After a disastrous start to the regular 1999–2000 season, the Adler reached the playoffs again, but were beaten in the quarter finals again. After that season, head coach Chris Valentine was released and was succeeded by Bill Stewart. In 2000–01, the Adler returned to winning ways with the fourth DEL championship in five years.
In their final season at Friedrichspark, Mannheim native Jochen Hecht (Buffalo Sabres), Cristobal Huet (Montreal Canadiens), Yannick Tremblay (Atlanta Thrashers) and Sven Butenschön (New York Islanders) joined the Adler during the 2004–05 NHL lockout. The team made it to the finals, but were defeated by the Eisbären Berlin.
The following season was disastrous. In their new home, the SAP Arena, the team was placed tenth at the end of the regular season. It was the first time in 26 years that the Adler Mannheim had not qualified for the playoffs.
Making several changes ito the team roster, the team celebrated its resurrection in the following 2006–07 season. After winning the German Cup, they finished in first place in the regular season and then won their fifth DEL Championship.
On 6 July 2010, the Adler Mannheim competed against the San Jose Sharks in the 2011 NHL Premiere Challenge 2010. German national player Manuel Klinge scored for Mannheim in the 5th minute, San Jose equalized with a goal by Jamie McGinn (54th minute). After Devin Setoguchi scored for San Jose, Mannheim's Jame Pollock scored the equalizer at minute 57. In the shoot-out, it was Dan Boyle who scored with the decisive penalty shot for the Sharks.
In July 2011, Mannheim entered a developmental partnership with the Toronto Maple Leafs of the NHL.
The Adler participated in the 2011 NHL Premiere series, losing to the Buffalo Sabres 8–3. The Sabres (who counted among its players Mannheim native Jochen Hecht) were very well received in Mannheim, and later that season, a contingent of Adler fans traveled to Buffalo and Toronto to witness games hosted by the Sabres and Maple Leafs.
During the 2012 NHL lockout, the Adler Mannheim became a popular team for the lockout-players again. The former Mannheim-players Dennis Seidenberg (Boston Bruins) and Marcel Goc (Florida Panthers) joined the team once more. They were followed by Jason Pominville, captain of the Buffalo Sabres and again Jochen Hecht who was a free agent since his injury in early 2012. Hecht signed a contract (with a NHL-Out paragraph) until 2014, but after the lockout came to an end, he was offered a new, one-year contract by the Buffalo Sabres. After the Sabres contract expired, Hecht announced his intention to return to Mannheim to finish his professional career.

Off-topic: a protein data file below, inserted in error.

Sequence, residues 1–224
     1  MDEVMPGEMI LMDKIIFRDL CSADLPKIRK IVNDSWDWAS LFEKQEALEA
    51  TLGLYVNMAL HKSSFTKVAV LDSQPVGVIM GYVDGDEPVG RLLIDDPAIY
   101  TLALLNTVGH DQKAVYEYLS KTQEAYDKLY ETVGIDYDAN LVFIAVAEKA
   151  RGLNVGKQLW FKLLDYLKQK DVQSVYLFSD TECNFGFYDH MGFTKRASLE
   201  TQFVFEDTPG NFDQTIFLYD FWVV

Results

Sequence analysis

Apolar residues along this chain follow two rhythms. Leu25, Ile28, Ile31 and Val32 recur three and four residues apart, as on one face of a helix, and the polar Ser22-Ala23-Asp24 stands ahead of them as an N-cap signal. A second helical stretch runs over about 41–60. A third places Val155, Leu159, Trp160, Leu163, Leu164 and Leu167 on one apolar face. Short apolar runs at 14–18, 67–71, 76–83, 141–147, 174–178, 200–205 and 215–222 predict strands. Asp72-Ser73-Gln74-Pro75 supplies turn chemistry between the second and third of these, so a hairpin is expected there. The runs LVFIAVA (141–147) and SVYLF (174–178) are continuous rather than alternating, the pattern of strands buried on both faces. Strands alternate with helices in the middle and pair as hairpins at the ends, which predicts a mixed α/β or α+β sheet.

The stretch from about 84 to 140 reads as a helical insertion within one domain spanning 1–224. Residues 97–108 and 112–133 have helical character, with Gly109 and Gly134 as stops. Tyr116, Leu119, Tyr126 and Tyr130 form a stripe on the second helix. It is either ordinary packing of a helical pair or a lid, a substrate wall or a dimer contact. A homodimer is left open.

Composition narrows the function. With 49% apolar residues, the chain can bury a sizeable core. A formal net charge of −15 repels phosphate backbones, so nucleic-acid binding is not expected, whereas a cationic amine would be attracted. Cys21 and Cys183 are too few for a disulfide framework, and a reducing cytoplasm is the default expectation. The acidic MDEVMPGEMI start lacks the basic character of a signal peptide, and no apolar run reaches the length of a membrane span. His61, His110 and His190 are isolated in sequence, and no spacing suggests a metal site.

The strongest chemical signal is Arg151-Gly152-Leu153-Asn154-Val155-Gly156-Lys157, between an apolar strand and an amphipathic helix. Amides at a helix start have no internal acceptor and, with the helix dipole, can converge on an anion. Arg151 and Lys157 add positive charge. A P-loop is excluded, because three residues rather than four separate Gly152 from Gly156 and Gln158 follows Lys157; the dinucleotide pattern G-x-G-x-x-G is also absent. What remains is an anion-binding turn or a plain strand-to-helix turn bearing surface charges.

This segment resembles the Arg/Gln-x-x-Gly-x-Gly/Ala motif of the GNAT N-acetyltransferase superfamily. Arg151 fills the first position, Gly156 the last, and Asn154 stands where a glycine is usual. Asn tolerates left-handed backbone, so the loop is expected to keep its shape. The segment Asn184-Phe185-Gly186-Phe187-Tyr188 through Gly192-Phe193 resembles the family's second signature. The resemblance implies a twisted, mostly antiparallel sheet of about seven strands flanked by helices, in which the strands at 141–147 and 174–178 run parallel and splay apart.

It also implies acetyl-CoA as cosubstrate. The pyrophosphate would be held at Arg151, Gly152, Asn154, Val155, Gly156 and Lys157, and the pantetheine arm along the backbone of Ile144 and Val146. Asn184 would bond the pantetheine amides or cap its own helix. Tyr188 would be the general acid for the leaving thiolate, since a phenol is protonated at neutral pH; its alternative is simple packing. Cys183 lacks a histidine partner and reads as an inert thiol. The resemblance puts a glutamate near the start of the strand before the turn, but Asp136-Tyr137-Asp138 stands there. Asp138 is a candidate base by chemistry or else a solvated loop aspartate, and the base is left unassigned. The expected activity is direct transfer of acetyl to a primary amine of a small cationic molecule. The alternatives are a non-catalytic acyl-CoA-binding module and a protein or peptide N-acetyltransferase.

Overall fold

On 19 June 2014, Mannheim hired Boston Bruins assistant coach Geoff Ward as their new head coach. After winning the regular season with nine points ahead of the second-placed EHC Red Bull München, the Adler won the quarter-final series against the Nürnberg Ice Tigers 4–1. In the semi-finals, the Adler swept Grizzly Adams Wolfsburg with 4–0 victories – even after being down 0–3 goals in three of the games. In the final, Mannheim finally met ERC Ingolstadt. After a devastating 1–6 loss in the third game with Ingolstadt taking the 2–1 lead in the final series, the Adler turned the series and won all subsequent games. With 4–2 victories, the Adler Mannheim were able to win their sixth DEL championship.
After the 2014–15 season, Ward returned to the NHL and was replaced by Greg Ireland. Ireland was sacked in February 2016, and Craig Woodcroft, who had joined the Adler coaching staff in 2014, was promoted to head coach. Woodcroft failed to guide the Adler squad to the playoffs and left after the 2015–16 season. In May 2016, Sean Simpson was named new head coach.
On 4 December 2017, GM Teal Fowler, head coach Simpson and assistant coach Colin Muller were sacked due to unsatisfactory results. Bill Stewart, who had guided the club to the 2001 DEL title, took over the head coaching job. During the 2017–2018 season, the Adler Mannheim announced Jan-Axel Alavaara as the new GM and Pavel Gross as their new head coach assisted by Mike Pellegrims and Pertti Hasanen.
The Adler finished their regular season 2018–19 at the top of the standings table with a new point average record of 2,23 points per game and won the DEL title 2018–19 defeating EHC Red Bull München 4–1 in the playoff finals. During the summer break, the Adler Mannheim released their long-time team captain Marcus Kink – his successor being NHL veteran and German national player Marcel Goc. Also during the summer break of2019, Adler Mannheim's rookie defenseman Moritz Seider was drafted in the first round of the NHL Entry Draft, sixth overall, by the Detroit Red Wings. Seider was the first German defenseman to be selected in the first round of an NHL Entry Draft, and the fourth-highest German-born player to be selected until Tim Stützle was selected third overall by the Ottawa Senators in the 2020 NHL Draft. On 14 July 2019, Seider was signed to a three-year, entry-level contract with the Detroit Red Wings. On 27 December 2020, Stützle signed a three-year, entry-level contract with the Ottawa Senators.